Jeremy Hunt ‘has extra £30bn’ to ease cost of living crisis

Jeremy Hunt announces tax rises and says UK in recession

Jeremy Hunt will find himself with an extra £30 billion to ease the cost of living crisis and resolve labour shortages, new research suggests.

The Resolution Foundation think tank said the chancellor would benefit from borrowing being about £30 billion lower than anticipated this year due to tax receipts recovering and a lower bill than expected for energy support.

The Office for Budget Responsibility predicted in November that the borrowing bill to support household energy bills would be £177 billion. But the figure is now predicted to be lower.

Hunt has suggested he will spend about £3 billion to extend the £2,500 level of the Energy Price Guarantee. He is also under pressure to improve the supply of workers and resolve public sector pay disputes.

Cara Pacitti, a senior economist at the think tank, said: “The chancellor will want his upcoming budget to signal a lower inflation and higher growth phase. There has certainly been some good news with the economy expected to be bigger and borrowing lower this year than feared. But there is no escape from having to focus on the cost of living crisis that families are still facing. Hunt is likely to act to prevent April’s spikes in energy bills and fuel duty.”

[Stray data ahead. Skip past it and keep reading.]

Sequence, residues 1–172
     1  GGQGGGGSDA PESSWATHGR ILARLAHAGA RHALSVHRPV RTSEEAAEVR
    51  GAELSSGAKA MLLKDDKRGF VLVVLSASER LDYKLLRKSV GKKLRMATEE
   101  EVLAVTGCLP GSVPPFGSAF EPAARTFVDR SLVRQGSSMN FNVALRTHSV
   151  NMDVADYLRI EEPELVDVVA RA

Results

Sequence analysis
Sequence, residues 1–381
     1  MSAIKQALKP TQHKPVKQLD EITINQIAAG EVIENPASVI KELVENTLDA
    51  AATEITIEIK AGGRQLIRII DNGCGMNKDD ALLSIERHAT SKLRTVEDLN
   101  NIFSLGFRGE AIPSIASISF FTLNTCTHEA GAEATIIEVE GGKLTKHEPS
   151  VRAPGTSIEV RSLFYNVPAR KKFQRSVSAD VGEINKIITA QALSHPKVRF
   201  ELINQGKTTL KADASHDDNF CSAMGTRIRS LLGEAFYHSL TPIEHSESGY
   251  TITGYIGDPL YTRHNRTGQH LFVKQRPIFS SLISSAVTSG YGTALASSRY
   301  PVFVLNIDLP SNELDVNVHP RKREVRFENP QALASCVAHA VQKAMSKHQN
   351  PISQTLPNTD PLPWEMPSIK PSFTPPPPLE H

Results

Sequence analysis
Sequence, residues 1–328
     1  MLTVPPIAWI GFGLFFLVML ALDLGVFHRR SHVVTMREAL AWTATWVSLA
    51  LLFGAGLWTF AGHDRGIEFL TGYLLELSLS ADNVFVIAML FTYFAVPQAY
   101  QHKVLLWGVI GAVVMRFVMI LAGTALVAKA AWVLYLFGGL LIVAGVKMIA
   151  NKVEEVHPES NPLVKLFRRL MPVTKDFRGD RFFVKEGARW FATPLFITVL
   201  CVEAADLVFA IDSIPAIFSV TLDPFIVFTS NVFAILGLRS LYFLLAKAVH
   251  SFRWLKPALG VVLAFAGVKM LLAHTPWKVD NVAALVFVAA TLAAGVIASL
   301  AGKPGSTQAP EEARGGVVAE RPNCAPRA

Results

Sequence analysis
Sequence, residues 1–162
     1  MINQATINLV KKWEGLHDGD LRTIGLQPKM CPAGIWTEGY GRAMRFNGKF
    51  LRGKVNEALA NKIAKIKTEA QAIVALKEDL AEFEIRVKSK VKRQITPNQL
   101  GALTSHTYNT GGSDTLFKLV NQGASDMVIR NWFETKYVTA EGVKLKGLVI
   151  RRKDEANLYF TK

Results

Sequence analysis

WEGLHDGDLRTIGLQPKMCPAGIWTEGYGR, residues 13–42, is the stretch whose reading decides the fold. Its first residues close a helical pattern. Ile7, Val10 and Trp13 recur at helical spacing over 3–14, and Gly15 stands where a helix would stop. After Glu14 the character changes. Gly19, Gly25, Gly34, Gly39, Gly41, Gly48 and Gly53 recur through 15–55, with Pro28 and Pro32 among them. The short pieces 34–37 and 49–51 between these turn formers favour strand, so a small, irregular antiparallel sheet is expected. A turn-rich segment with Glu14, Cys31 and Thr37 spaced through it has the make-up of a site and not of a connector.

The CBI has called on the government to encourage more people into work by reducing childcare costs and tackling the rise in long-term sickness with tax incentives for mental healthcare.

The Resolution Foundation said Hunt could extend free childcare to one and two-year-old children at a cost of up to £6 billion. The think tank suggested adding a work allowance into universal credit for second earners in a move that would cost £2.1 billion.

Employers could also be encouraged to take on those who have suffered ill health if the government ended work assessments when people applied for universal credit. The think tank said early retirement could be discouraged with a curb on pension freedoms.

The foundation also said the pay disputes could be settled with a 5.5 per cent offer with a cost to departments of £5 billion. Pacitti said: “The chancellor needs to end public sector pay disputes and wrestle with the UK’s stagnant economic growth by focusing on encouraging more firms to invest and people to work.”